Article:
Wednesday's solo walk was much smoother.  There weren't 25 men all along my walk blasting their weed whackers and mowers.  No cars stopping near me or anything like that.  I had my phone with me, and I installed a pedometer app so I could track as I walked and have it for emergencies

Of course, I was a dork and forgot to put my sunscreen on before I left so as soon as I got home, I put on my rosehip oil to combat any potential damage.  I definitely need to make sure I leave no later than 9am because that's just getting too hot for my liking on sunny days.  But I'm hoping this is a habit that will stick, but I'm glad I had that bit of a wake-up call on the first day.

There doesn't have to be a "threat" to be reminded that you're a potential target just because you're female, that's, unfortunately, a fact.  If I'm going to make this a new habit, then I need to remember to be smart, and that means keeping my phone on me and being aware of not only my surroundings but whose in them.  Sure, it may sound paranoid to women who jog/run daily without giving a second thought or overestimate their ability to "take" someone if approached or noticed but it's always better to be too careful than not careful enough.

Do you go on daily walks?  Have you ever had an experience exercising outside that made you feel uncomfortable?

Like this post? Don't miss another one...subscribe via email or RSS feed. (Or you can follow me on Facebook )  Some posts may contain affiliate links which help keep this blog running.  See the Disclaimer page for more info.


  1. Creepy. I walk the pup pup daily but really haven't had any episodes yet. I get sad because there are so many kids in our hood that are inside on beautiful days probly scrolling their phones.

  2. I used to walk daily for years. I had a few instances of people trying to pick me up, a few times men drove by repeatedly as I walked my route. Even had a lady stop me once and tell me that there was a man who was following people in the area and to keep a watch out. I used to also walk home from work and I had the same car daily follow me home from work. They would drive slowly right behind me all the way to the corner where my house was. This was back before cellphones were big. I was in my late teens, early 20's then so I lived with my mom still. I told her the time it took me (40 mins) to walk and the route that I would be taking. I told her if I wasn't back by that time to come looking for me. I also kept watch really well because the area I walked in was heavily wooded with few houses. And I would never wear headphones so I could hear when people came up behind me. I always felt it's better to be watchful and slightly paranoid then it is to be sorry. Once I got married,my husband didn't want me to keep walking by myself (he works in a jail and sees what kind of people are out there) as we seem to have quite a few homeless people living in the woods around us. I started walking in a figure 8 in my backyard for the 40 mins I knew it took me to walk my 3 miles. This time I brought my home phone outside with me. I'm pretty used to doing things by myself since my husband works crazy hours all the time and it's rare that I get unnerved by people. I find it better to look at them for a few seconds, let them know that you notice them, and then look away. If you have someone coming up behind you and they seem to be walking or running faster, stop and let them pass or cross the road so you aren't in front anymore. Not sure about the people who say crime isn't as bad as it used to be, but it doesn't have to be worse for something to happen to you. I would just say be aware and take whatever precautions you think are necessary.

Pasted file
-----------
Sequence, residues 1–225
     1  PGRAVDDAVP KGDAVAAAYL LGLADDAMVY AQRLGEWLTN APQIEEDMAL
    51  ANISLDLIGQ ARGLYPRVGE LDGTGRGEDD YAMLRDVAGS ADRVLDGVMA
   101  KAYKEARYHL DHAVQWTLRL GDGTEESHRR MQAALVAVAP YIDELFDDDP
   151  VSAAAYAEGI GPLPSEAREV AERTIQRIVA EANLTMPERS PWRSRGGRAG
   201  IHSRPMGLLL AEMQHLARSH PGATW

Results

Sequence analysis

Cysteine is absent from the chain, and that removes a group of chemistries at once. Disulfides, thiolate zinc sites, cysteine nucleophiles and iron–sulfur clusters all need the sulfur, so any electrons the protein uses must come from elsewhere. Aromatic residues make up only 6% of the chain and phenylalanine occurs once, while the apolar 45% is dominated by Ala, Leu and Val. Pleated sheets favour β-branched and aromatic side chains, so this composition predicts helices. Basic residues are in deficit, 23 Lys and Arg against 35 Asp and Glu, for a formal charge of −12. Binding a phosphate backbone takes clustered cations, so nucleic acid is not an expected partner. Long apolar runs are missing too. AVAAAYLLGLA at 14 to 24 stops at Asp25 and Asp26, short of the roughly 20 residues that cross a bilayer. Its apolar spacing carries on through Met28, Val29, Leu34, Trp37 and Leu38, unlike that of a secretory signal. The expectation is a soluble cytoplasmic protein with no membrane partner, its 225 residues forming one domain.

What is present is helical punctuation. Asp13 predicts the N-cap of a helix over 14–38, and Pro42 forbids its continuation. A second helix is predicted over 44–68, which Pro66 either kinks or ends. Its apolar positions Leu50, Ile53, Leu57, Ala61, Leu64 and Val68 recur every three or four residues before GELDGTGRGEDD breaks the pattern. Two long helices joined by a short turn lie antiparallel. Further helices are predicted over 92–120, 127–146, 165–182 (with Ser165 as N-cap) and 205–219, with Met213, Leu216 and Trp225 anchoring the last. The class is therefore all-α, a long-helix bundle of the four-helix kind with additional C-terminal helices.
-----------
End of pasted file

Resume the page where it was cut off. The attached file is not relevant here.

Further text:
3. I walk several times a day. With dog. Neighbor’s dog actually. I borrowed her. Win-win. So that is something to consider. I walk with my phone and pepper spray. My fear is not men, because always lots of people out in neighborhood. But I do fear mean dogs.

  4. As a single lady who lives in what can be kind of a sketchy area, I totally feel this! I usually have my giant dog with me, so I feel a little safer, but you do realize how totally vulnerable you can be. I wish men were more tuned into the fact that ALL women feel this way at times.

  5. I do my walks either with my dogs or by myself. I don't mind when other people are around and I try to say hi to everybody I pass (at least the first time because some people are see repeatedly if we're doing a loop). The only thing I don't do is wear ear buds because I want to hear my surroundings. Partially for danger alertness, but also so I know when someone is coming up behind me such as a biker who needs to get past, or others with dogs if I have mine with me. I enjoy walking with the dogs a lot, but I also enjoy my solitude time when I can really appreciate my surroundings.

  6. I hate that this is something that men don't even think about. I had no idea how scary it would be just walking in what one could call a safe neighborhood (nobody steals Amazon boxes off our doorsteps anyway). But we went on a walk together after I read this post and it opened my eyes to just how different it must be and I will definitely keep you in mind on the days that I am not there so that we can make sure you check in when you return and all that.


Thanks for taking the time to comment! I appreciate your time! (Heads up though...disrespectful or spam comments will be deleted.)